Thursday, May 11, 2006

More Q&A

Q. What do you think about educated people who don't use "lie" and "lay" correctly? Do you teach your students the difference?

Some of our best friends don't know how to use lie and lay correctly, and we still love them. We also never point out their errors (after all, they're not rich and famous people who deserve a slice of humble pie every now and then). We do correct our students' grammatical errors. And they like it!

Now for lie/lay....

In the present tense, the difference between lie and lay is easy. Lay requires an object -- something that gets laid (stop snickering in the back, teenagers).

For example:
  • "Now I lay me down to sleep."
  • "Lay an egg, mother clucker!"

    It's trickier in the past tense. This is because "lay" is the past tense of "lie."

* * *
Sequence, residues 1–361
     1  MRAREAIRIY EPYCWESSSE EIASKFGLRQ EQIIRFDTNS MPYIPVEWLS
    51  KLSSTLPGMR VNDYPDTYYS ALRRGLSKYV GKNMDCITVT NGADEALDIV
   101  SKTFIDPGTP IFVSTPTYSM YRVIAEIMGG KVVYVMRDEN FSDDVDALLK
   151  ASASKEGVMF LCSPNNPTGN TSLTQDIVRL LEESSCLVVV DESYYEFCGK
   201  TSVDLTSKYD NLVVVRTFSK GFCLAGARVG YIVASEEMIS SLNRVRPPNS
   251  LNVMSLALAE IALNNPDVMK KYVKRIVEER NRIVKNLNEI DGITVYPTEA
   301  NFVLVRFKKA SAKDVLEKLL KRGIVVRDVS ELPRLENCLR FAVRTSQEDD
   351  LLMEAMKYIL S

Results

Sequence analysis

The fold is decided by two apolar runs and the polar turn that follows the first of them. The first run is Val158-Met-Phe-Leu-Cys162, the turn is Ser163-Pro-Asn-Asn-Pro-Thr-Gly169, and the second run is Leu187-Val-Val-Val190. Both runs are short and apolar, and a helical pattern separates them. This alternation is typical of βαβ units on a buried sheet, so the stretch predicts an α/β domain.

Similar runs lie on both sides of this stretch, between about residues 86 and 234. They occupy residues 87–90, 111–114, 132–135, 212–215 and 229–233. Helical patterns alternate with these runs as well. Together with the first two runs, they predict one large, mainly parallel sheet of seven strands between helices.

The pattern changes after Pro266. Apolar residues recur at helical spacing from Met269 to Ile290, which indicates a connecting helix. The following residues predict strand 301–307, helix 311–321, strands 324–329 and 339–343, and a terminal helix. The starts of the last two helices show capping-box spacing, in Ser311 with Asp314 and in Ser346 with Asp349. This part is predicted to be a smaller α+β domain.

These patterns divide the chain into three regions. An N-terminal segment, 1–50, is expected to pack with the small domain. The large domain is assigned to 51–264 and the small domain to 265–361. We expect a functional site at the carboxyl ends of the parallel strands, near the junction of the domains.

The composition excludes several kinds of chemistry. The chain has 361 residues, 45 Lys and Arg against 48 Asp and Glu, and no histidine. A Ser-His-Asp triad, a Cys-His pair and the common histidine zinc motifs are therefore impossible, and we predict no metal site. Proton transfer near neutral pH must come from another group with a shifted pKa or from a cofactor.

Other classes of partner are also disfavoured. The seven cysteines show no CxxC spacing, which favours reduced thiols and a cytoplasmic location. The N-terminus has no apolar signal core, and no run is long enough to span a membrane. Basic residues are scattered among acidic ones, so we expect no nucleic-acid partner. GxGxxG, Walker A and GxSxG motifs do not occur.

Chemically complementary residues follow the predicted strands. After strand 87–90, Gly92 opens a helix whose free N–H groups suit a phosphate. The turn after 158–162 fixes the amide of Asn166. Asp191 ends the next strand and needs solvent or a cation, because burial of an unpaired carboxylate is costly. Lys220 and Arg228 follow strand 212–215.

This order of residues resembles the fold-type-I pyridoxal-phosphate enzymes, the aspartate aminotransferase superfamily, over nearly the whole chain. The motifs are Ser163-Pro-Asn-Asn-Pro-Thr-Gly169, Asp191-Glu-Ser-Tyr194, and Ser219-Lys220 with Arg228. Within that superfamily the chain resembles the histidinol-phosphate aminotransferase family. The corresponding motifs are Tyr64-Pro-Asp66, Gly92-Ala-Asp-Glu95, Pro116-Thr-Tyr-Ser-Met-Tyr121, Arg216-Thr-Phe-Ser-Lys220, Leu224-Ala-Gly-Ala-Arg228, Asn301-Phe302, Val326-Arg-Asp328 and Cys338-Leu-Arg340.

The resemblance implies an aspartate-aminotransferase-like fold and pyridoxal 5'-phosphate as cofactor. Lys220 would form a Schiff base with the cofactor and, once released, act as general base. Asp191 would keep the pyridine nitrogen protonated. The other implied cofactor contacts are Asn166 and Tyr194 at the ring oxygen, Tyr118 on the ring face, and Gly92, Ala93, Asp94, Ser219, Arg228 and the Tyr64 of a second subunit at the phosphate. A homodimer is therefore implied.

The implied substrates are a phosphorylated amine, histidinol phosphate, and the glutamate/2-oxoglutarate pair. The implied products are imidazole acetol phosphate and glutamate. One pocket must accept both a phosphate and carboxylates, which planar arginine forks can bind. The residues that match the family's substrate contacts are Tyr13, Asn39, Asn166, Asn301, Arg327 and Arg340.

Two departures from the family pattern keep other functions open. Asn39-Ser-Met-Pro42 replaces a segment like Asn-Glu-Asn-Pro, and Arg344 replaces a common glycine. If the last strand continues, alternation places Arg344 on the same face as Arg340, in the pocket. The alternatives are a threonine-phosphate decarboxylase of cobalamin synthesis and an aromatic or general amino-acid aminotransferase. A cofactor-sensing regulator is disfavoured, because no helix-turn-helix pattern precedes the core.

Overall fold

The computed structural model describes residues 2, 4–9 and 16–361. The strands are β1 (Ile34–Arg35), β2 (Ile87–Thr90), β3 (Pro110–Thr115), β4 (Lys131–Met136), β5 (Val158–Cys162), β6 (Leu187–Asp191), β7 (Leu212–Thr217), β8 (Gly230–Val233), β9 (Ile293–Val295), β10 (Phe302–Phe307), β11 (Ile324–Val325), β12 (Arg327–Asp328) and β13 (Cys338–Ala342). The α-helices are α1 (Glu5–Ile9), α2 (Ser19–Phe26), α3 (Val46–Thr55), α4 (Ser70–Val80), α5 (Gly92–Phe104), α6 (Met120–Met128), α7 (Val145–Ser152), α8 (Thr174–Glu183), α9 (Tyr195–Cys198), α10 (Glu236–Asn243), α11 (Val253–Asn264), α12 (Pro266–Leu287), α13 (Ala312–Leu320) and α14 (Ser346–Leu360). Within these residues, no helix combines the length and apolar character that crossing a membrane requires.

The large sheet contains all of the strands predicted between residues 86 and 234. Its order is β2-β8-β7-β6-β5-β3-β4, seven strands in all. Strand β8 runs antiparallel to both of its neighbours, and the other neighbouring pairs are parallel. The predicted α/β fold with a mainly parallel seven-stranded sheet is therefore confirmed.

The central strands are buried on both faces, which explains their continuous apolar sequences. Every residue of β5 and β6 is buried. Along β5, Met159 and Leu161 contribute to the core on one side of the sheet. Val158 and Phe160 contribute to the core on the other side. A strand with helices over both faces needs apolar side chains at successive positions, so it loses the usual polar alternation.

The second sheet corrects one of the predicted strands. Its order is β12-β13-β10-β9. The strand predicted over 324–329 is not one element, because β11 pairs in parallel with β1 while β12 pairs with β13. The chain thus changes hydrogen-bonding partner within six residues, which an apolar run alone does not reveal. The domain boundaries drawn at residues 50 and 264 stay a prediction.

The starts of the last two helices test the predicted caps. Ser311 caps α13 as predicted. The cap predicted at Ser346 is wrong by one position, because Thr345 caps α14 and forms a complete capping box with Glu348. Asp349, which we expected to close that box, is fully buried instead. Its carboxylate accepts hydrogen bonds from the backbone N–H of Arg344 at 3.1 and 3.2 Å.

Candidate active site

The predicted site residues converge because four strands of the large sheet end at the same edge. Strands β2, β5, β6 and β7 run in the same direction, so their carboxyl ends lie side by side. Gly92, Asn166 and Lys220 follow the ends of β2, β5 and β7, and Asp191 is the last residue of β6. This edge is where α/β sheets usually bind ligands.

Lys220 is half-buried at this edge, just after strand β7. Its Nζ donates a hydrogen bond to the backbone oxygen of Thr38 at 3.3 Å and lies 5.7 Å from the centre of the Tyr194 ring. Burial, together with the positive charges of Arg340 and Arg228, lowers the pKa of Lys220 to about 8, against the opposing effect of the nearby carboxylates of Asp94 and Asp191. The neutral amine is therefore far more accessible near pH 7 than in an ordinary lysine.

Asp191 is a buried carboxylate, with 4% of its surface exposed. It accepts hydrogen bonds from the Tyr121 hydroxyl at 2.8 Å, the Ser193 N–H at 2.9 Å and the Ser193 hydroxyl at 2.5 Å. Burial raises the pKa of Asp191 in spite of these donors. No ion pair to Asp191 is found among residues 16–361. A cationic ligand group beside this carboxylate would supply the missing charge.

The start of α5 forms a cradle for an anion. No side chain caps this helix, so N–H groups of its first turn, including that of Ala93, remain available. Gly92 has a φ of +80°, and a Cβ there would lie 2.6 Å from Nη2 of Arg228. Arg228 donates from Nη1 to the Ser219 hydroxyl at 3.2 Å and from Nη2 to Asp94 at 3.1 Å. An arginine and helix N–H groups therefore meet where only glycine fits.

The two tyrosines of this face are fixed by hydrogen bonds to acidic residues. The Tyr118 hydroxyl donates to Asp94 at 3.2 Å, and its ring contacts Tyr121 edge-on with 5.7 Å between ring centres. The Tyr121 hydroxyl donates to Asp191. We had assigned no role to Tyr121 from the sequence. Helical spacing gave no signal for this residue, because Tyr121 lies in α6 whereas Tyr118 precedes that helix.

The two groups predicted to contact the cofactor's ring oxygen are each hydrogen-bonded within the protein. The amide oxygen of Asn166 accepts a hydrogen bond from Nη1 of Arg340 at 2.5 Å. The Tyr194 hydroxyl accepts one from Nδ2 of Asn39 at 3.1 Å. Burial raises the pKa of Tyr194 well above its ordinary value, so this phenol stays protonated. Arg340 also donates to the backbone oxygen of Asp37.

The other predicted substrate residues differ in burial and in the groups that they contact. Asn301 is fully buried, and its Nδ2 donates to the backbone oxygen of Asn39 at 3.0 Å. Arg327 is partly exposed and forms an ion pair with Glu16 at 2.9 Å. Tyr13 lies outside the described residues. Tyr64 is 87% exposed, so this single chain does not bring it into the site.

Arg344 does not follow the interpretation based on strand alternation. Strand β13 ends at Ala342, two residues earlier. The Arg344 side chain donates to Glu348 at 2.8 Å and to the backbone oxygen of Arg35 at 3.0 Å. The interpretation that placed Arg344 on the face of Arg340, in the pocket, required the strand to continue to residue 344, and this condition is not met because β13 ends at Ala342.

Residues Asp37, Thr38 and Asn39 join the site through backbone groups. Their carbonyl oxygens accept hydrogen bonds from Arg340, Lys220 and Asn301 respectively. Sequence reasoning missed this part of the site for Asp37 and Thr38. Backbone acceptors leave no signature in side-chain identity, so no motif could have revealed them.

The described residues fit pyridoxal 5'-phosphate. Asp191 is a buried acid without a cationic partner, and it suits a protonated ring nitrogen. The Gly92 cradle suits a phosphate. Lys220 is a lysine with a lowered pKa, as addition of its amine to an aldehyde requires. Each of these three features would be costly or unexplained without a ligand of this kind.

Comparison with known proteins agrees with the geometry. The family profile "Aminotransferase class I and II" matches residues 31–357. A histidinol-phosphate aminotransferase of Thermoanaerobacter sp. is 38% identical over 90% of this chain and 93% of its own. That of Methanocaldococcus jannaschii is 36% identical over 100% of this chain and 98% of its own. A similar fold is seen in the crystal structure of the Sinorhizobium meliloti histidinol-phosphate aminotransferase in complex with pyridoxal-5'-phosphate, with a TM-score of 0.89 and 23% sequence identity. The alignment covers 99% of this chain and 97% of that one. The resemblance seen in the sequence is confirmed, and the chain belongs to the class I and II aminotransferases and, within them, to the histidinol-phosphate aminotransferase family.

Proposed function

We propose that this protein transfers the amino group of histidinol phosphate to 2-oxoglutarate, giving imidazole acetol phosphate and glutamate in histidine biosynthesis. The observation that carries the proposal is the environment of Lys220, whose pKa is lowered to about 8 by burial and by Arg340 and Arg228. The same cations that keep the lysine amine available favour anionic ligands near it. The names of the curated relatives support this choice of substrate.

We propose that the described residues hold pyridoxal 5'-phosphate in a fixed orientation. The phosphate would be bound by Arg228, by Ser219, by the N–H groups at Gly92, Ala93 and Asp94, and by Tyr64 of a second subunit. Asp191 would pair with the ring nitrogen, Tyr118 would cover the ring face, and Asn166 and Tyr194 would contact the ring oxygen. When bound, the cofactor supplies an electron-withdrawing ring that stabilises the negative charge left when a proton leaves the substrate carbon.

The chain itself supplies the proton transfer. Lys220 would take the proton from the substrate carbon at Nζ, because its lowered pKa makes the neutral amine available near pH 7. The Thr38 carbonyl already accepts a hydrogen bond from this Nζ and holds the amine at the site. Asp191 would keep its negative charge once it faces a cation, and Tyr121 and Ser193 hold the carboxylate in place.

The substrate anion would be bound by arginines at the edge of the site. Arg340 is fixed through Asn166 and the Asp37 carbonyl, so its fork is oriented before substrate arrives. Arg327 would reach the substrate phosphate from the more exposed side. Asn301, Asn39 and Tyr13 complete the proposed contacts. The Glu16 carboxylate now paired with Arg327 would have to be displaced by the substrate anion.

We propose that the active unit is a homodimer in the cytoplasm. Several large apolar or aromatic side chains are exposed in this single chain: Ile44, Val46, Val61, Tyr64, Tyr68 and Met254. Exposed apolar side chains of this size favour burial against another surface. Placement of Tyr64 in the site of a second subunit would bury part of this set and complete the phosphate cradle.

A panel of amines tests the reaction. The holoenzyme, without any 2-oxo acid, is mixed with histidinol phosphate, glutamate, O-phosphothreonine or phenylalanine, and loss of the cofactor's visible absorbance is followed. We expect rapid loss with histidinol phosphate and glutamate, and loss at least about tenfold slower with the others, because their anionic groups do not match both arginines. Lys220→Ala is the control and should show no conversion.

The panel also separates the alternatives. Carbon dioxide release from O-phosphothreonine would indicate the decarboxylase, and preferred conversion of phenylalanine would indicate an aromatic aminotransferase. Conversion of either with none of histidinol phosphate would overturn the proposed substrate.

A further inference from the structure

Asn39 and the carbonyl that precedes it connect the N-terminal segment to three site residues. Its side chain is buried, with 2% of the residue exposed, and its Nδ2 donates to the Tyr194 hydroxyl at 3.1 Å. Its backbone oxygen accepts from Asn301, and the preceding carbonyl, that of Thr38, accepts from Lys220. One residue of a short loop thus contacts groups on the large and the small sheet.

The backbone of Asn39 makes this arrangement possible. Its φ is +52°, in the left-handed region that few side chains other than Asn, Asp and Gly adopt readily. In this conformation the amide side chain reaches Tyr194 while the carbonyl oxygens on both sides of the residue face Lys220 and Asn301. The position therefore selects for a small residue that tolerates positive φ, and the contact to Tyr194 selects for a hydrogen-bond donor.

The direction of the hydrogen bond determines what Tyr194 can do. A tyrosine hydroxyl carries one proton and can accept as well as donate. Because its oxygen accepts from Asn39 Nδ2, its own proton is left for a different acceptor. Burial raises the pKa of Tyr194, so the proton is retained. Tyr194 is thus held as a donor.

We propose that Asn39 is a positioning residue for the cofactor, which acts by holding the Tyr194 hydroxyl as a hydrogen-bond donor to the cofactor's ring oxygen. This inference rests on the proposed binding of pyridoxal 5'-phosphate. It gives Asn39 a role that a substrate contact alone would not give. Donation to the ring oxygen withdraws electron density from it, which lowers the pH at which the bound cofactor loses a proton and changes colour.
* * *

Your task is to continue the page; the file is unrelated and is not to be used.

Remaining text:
We still remember our fifth-grade teacher trying to explain this to us. He lay on the floor, telling lies. (It didn't make sense to us, although what he said about his nose hairs was both memorable and hilarious.)

In short, mnemonic devices just don't help us all that much. Straight-up memorizing does.

Present Past Participle Past participle
Lie --> lay --> lying --> had lain
Lay --> laid --> laying --> had laid (always requires an object)

More on this, from someone who's created an elaborate scheme for remembering the difference.

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